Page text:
Minister of Finance Colm Imbert. Photo: Parliament of T&T
By Sue-Ann Wayow
TRINIDAD and Tobago’s sovereign wealth fund – the Heritage and Stabalisation Fund (HSF) stands at US$5.73 billion, higher at the end of September 2020 than in September 2015.
This was despite withdrawals totalling US$1.6 billion over the period 2016 to 2020 said Finance Minister Colm Imbert as he read the 2020/2021 Budget on Monday.
Imbert said, “Our sovereign wealth fund has thus performed remarkably well, and in 2020 alone, after losing US$1 billion in value following the collapse of world stock markets in February and March, the Fund has recovered every dollar it has lost, through the astute management of the fund managers.”
Imbert said although Government had to tap into the fund to deal with the unexpected Covid-19 crisis, it was nothing unusual as Governments worldwide have been turning to their sovereign wealth funds to finance the impact of the structural change in global energy markets and to deal with the economic fallout resulting from the Covid-19 pandemic.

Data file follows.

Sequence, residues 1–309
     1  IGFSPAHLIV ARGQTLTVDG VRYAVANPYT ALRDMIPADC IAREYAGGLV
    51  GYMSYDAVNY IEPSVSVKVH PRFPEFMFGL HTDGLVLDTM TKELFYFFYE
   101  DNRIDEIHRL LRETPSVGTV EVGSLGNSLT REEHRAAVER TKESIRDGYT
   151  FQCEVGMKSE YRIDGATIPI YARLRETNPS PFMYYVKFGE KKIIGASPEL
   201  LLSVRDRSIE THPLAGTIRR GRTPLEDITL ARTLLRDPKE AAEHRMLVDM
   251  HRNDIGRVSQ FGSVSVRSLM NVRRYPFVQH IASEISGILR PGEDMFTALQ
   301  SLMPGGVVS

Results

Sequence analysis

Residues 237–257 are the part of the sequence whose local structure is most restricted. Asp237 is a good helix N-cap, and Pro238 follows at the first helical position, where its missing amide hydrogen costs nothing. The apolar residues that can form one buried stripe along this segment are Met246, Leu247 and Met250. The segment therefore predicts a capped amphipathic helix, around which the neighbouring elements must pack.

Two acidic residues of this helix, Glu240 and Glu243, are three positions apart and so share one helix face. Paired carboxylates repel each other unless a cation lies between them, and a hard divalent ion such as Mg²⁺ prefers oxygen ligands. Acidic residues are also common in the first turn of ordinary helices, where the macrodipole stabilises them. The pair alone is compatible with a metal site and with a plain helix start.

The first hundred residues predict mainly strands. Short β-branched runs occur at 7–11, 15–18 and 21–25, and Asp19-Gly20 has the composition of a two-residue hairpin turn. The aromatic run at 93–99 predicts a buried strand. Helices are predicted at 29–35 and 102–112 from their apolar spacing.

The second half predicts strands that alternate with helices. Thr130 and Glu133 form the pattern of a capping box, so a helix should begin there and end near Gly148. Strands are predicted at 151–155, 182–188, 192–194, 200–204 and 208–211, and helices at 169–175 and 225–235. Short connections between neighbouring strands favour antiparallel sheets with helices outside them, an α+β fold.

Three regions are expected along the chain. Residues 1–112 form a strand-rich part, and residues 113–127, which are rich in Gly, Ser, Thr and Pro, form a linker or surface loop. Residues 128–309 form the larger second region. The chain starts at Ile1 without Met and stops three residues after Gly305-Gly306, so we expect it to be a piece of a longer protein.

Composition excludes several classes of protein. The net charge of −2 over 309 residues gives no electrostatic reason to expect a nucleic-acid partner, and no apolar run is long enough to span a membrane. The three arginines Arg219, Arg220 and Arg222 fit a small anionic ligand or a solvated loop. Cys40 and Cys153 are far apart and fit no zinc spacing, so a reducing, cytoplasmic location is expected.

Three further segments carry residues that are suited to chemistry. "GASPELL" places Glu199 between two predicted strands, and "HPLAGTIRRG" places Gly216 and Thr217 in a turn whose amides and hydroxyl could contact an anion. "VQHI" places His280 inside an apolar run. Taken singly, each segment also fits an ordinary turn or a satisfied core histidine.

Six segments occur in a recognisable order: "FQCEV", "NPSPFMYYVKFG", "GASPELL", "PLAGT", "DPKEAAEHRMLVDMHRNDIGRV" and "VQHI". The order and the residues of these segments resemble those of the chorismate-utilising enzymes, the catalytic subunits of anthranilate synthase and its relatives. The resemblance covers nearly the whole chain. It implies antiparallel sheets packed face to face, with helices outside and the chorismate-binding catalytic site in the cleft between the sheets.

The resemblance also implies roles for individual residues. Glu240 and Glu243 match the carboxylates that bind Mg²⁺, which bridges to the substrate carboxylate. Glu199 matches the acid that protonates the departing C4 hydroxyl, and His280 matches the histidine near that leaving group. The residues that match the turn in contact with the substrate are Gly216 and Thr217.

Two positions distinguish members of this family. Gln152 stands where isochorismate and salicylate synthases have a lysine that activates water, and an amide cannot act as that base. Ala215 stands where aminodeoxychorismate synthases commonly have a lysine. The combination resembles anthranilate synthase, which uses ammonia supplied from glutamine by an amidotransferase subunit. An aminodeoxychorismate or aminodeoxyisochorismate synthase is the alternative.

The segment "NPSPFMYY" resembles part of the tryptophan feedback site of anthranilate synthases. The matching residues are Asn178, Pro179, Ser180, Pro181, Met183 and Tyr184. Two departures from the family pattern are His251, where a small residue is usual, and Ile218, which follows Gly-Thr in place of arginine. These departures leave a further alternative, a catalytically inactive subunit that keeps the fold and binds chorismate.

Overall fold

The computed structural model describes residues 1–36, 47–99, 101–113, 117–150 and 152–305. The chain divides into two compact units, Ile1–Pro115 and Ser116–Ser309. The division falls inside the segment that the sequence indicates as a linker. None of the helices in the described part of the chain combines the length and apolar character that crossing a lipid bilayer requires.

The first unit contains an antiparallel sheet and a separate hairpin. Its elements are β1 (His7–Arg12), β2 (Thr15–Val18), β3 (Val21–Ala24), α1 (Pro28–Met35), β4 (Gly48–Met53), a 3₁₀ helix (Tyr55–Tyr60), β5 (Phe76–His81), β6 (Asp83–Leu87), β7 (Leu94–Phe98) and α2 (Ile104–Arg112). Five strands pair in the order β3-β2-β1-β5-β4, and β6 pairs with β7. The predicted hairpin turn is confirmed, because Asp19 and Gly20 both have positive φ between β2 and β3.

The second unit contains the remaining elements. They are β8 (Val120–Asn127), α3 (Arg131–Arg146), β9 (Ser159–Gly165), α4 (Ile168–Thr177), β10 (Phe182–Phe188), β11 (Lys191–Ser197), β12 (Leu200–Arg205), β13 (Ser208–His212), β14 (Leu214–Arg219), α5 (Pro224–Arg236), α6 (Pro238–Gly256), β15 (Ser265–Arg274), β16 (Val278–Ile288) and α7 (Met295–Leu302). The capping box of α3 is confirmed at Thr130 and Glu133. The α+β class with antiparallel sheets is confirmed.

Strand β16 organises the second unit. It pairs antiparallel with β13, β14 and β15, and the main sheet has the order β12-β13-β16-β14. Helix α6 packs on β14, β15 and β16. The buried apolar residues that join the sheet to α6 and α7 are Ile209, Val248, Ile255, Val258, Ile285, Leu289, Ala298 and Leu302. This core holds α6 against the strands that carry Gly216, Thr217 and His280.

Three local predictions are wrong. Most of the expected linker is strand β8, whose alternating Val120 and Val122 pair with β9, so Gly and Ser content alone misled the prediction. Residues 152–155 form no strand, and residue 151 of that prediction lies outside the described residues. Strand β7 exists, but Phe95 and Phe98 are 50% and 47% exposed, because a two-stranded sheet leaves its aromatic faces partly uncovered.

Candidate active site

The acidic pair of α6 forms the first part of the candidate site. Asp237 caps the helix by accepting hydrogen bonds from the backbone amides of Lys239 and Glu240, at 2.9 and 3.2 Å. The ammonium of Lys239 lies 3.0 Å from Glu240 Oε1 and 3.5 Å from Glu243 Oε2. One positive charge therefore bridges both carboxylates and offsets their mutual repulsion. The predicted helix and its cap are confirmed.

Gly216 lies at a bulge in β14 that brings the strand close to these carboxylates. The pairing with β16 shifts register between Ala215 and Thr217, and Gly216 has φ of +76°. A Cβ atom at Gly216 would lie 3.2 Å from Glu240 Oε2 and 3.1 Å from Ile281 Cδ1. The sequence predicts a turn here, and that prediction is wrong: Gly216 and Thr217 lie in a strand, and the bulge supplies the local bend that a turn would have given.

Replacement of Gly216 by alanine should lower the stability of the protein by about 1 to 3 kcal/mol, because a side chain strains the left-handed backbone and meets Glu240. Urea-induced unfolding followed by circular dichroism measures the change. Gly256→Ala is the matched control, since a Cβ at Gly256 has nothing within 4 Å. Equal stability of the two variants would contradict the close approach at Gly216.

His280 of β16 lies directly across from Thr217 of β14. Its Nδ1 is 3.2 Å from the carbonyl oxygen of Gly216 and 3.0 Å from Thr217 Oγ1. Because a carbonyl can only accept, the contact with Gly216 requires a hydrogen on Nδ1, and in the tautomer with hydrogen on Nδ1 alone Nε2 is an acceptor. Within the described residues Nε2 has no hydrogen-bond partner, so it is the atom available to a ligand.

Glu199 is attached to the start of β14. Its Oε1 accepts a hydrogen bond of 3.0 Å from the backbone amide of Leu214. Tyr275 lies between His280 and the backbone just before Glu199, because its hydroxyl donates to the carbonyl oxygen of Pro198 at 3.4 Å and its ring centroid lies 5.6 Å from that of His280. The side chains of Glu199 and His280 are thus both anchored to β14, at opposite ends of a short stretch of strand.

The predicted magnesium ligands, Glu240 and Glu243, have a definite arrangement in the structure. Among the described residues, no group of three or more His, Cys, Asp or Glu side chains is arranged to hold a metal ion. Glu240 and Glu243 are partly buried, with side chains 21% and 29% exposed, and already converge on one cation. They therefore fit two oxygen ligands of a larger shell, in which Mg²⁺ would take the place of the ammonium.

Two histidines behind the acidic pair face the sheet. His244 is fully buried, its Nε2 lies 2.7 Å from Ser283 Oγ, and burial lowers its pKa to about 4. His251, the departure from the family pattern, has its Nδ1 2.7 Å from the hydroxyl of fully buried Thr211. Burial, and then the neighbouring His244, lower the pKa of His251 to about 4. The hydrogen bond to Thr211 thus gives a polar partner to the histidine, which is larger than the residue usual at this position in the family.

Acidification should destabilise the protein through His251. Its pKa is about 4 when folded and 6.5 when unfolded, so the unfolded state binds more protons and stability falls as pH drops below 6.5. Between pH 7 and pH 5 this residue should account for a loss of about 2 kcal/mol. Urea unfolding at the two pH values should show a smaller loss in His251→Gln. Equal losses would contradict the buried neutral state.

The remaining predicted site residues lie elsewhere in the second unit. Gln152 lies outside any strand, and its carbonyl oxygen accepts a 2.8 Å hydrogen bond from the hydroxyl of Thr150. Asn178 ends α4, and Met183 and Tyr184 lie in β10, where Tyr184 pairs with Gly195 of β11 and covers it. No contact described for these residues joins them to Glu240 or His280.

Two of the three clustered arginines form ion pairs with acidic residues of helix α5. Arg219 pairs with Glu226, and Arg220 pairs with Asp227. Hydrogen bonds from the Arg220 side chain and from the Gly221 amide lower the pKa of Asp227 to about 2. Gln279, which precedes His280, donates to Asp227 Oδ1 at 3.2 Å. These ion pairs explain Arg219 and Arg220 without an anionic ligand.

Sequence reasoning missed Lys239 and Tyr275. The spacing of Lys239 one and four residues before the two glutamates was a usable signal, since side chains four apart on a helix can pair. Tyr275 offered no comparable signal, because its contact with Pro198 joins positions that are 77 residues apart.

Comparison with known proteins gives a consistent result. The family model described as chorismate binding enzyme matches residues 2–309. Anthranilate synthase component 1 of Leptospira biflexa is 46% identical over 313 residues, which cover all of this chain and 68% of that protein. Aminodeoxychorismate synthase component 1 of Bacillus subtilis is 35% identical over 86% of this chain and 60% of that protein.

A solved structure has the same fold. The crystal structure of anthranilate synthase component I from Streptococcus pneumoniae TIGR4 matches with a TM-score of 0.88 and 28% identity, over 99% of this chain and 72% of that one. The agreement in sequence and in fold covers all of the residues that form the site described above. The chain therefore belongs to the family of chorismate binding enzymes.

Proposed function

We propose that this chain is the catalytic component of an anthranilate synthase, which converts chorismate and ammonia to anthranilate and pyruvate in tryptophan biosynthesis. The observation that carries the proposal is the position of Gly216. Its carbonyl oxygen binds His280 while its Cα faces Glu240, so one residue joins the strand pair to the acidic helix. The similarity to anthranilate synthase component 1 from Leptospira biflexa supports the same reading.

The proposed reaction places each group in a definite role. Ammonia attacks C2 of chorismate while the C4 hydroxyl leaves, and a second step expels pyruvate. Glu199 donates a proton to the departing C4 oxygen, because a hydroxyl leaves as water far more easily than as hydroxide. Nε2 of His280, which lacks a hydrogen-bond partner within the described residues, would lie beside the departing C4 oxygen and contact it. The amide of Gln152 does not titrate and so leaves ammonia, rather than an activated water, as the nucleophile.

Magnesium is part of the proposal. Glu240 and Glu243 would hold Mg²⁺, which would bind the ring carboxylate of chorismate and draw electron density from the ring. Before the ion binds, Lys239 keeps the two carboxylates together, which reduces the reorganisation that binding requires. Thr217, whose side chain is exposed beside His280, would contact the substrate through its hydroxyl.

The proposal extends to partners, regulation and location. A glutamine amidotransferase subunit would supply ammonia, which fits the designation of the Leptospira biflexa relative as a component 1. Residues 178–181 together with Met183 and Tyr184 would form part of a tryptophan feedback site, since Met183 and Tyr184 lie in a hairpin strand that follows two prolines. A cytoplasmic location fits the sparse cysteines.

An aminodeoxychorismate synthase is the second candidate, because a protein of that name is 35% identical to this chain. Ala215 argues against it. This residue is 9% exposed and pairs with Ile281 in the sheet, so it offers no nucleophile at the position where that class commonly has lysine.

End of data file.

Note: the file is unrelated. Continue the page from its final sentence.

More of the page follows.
Government’s comprehensive measures to deal with the pandemic led to a slump in economic activity and a significant revenue shortfall affecting both energy and non-energy revenues. Finances were raised through a combination of local and foreign borrowing supported by withdrawals from the HSF, Imbert said.
He said, “On March 26 the Government presented and the Parliament approved, an amendment to the HSF Act to allow for withdrawals of up to US$1.5 Billion during the financial year, in the event of a health crisis, a natural disaster or a precipitous drop in budgeted revenue. As indicated earlier, as a result of Covid-19, the fiscal deficit for 2020 is now estimated at $16.8 billion, over $10 billion more than originally envisaged. To support the financing of this deficit, US$900 million or just over $6 billion has been withdrawn from the HSF, under the recent amendment.”